So you’ve been dancing tango for a while and you’re reasonably comfortable on the dance floor. Maybe you’ve even developed a repertoire of tango figures that you’ve personalized and made your own. That’s great, but are you capturing the the aesthetic that characterizes tango? The tango aesthetic is functional so if you are deficient here it will negatively affect your lead, and if you are a follower then it will diminish your ability to interpret the mark and move with precision. The remedy is to master dance form. Your body can be conditioned to maintain form and believe it or not, you may see more improvement in your dance by investing your time in the following exercises then in additional tango lessons.
In art (and lets not forget that the Argentine tango is art and if you dance it, then you are an artist) form is essential to aesthetic pleasure. Immanuel Kant, the German philosopher, in speaking of art said that beauty is ascribed to an object on form alone. And he is not alone in that sentiment. The English art critic, Clive Bell stated that when it comes to judging art, form is above all else. Eduard Hanslick, 19th century music critic, also said that beauty is found in form. He was speaking about music but surely we can extend that to dance. In fact, I believe we all should make critical judgements on form and listen to those critiques aimed at our own dance. This, of course, does not imply “hatin on” people or being at all unkind. On the contrary, educated remarks on unity, coherence, and other elements of form are useful in helping the artist improve their craft. And that’s what we all should be striving for- improving our dance. Tango, and indeed all art, is a journey.
In order for your tango to demonstrate good form you must maintain a particular posture throughout the dance. No matter how chaotic the ronda becomes, no matter what the orchestra throws at you, no matter what you wish to “express,” you must never compromise that posture. If you do, then you will not only lose the tango aesthetic, but also the mark. In other words, the communication with your partner will breakdown and so will the pleasure of the moment. The good news is that you will not need to constantly remind yourself to maintain certain postures throughout the dance. Your body will do that for you, but only if you condition it to. That’s right, I said it. Just like most other physical endeavors, tango requires conditioning. You may need to improve your cardiovascular fitness, you may need to increase your flexibility, perhaps you need to lose a few pounds, but here I’m going to discuss strengthening a specific group of muscles that will pull your skeleton into perfect alignment for the purposes of the Argentine tango. If you train your muscles with these simple 5 exercises, 2-3 times a week, doing 2- 4 sets of 8-12 repetitions then I guarantee that your posture will improve, your dance form will be enhanced, and it won’t be long before your dance community rewards you with exceptional critiques.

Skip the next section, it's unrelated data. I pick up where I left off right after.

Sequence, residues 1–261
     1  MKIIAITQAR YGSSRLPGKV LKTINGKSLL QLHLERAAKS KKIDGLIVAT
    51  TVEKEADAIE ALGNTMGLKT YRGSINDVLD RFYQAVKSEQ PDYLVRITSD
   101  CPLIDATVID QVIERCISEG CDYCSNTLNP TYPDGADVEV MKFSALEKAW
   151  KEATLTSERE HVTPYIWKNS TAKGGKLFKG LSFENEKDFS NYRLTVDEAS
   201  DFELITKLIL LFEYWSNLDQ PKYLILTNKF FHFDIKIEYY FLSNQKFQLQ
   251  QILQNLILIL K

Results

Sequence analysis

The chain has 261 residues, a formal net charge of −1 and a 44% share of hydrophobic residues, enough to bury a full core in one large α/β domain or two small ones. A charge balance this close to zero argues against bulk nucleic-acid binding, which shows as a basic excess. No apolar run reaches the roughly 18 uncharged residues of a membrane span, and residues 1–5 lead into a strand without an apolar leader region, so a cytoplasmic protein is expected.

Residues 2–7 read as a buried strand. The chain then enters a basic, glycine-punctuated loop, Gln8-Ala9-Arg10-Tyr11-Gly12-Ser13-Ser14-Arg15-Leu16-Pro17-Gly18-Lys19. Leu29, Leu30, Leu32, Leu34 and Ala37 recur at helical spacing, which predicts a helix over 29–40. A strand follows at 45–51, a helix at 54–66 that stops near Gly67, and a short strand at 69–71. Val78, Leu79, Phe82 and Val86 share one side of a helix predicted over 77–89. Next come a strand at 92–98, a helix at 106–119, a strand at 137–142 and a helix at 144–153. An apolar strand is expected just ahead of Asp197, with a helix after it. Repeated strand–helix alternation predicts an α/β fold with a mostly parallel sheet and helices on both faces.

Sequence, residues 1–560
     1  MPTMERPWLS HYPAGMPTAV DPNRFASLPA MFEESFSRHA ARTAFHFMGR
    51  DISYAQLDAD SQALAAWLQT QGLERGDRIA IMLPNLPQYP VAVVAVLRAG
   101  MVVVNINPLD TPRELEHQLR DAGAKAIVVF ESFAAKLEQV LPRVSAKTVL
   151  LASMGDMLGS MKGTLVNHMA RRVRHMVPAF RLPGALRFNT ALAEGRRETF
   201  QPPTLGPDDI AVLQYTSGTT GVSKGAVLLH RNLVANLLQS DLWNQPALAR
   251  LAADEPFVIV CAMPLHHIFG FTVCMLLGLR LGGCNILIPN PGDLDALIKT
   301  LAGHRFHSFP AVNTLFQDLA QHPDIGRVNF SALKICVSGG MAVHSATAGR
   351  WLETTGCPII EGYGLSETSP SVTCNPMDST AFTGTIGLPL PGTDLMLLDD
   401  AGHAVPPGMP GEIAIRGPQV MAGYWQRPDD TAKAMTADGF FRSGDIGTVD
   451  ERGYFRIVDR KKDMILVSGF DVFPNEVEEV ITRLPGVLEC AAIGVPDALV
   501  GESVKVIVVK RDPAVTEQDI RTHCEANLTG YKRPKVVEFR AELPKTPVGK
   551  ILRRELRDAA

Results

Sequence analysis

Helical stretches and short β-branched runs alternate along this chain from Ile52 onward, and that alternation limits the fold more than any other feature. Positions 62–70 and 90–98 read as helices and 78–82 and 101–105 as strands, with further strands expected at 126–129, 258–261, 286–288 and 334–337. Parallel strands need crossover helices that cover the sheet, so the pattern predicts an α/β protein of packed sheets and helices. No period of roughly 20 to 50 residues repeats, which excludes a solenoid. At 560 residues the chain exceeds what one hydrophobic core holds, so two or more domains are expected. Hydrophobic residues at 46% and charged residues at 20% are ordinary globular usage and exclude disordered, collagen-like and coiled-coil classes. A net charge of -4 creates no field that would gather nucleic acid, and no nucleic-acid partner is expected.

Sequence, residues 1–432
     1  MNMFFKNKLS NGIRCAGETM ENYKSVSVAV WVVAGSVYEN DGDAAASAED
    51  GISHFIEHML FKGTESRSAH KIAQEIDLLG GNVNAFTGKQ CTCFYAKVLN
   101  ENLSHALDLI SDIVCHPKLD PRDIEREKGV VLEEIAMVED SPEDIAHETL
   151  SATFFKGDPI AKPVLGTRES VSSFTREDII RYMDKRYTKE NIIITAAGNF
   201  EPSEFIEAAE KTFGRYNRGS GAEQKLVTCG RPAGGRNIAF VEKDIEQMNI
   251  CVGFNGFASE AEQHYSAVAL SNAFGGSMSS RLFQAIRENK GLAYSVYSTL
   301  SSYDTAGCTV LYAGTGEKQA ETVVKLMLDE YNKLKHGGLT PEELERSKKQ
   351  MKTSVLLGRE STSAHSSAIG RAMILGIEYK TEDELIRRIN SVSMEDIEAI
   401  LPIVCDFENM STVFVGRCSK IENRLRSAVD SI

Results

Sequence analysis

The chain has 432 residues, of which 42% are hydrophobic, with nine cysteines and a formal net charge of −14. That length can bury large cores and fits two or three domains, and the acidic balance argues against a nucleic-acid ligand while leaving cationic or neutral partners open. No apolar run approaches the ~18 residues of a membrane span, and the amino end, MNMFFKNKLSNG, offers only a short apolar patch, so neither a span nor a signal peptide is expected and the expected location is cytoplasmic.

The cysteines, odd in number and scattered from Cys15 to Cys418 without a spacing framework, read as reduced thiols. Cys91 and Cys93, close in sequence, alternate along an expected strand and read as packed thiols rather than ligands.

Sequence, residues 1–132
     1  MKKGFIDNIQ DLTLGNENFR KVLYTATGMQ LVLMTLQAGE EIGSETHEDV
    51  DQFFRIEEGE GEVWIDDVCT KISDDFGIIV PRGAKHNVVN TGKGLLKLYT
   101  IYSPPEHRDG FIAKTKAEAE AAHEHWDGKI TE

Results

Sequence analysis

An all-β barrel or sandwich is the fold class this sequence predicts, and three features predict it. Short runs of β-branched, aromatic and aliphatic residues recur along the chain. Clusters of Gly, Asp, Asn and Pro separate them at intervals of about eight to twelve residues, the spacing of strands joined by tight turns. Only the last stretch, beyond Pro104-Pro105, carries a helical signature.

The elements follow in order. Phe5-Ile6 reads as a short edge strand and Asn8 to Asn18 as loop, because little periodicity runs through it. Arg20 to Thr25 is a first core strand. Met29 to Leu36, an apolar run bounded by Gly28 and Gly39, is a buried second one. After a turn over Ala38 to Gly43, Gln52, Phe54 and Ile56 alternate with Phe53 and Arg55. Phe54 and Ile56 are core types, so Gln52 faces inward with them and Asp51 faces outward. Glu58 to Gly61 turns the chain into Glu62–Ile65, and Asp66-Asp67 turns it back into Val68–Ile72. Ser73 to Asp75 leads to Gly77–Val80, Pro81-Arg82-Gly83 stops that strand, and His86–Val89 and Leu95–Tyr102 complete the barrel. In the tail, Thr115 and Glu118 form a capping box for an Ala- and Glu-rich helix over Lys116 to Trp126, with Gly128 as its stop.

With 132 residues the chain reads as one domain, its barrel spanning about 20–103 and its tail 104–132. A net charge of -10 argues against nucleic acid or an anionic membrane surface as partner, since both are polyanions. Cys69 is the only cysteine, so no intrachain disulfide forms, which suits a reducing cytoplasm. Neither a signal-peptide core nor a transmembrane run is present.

Integrate these 5 exercises into your general fitness routine or as part of your weekly tango practice and you will soon see the dividends. As your posture improves so will your dance form. Furthermore, there are other benefits that accompany improved posture such as fatigue resistance, improved self esteem and projected confidence.
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